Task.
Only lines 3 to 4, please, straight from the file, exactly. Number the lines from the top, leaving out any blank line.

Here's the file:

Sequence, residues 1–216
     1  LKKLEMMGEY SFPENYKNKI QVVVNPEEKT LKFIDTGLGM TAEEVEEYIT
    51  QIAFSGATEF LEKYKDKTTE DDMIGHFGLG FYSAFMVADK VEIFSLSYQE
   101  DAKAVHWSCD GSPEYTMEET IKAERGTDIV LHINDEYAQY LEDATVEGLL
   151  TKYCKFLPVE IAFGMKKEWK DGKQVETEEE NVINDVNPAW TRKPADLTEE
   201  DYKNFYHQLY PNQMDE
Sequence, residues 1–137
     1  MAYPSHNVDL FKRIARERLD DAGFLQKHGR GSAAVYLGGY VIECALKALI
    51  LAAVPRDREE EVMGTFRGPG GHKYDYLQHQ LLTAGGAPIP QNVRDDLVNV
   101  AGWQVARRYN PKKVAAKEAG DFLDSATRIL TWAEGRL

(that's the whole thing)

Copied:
    51  QIAFSGATEF LEKYKDKTTE DDMIGHFGLG FYSAFMVADK VEIFSLSYQE
   101  DAKAVHWSCD GSPEYTMEET IKAERGTDIV LHINDEYAQY LEDATVEGLL